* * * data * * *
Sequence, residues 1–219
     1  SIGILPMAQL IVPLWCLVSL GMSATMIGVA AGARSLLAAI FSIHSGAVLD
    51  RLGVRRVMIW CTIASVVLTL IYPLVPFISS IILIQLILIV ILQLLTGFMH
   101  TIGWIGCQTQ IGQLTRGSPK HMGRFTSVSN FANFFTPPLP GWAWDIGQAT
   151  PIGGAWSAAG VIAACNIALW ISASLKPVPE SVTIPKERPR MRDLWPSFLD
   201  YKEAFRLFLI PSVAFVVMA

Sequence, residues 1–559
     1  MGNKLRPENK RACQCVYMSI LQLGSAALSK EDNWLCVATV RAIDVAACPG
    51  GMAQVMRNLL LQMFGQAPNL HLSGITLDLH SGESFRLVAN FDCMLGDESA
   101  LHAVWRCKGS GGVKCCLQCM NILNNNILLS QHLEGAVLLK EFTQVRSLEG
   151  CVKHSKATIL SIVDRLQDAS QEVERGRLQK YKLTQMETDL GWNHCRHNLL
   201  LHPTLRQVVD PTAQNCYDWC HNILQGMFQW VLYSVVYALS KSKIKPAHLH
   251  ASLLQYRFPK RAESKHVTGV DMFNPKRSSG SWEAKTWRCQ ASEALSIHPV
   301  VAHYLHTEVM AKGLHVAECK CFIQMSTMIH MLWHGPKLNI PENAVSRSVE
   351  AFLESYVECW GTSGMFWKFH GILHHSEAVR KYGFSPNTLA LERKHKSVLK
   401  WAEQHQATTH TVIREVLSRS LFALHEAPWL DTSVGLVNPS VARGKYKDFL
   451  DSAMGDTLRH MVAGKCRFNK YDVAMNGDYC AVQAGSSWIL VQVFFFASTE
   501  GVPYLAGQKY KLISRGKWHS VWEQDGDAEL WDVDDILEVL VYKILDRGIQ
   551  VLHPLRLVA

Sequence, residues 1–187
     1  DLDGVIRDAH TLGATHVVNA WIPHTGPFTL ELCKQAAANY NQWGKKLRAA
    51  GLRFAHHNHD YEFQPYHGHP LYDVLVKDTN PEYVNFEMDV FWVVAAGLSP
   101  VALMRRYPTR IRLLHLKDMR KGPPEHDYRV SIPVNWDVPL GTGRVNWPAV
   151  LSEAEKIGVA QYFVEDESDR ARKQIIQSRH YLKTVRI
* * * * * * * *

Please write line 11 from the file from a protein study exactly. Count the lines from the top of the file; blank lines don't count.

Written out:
   151  CVKHSKATIL SIVDRLQDAS QEVERGRLQK YKLTQMETDL GWNHCRHNLL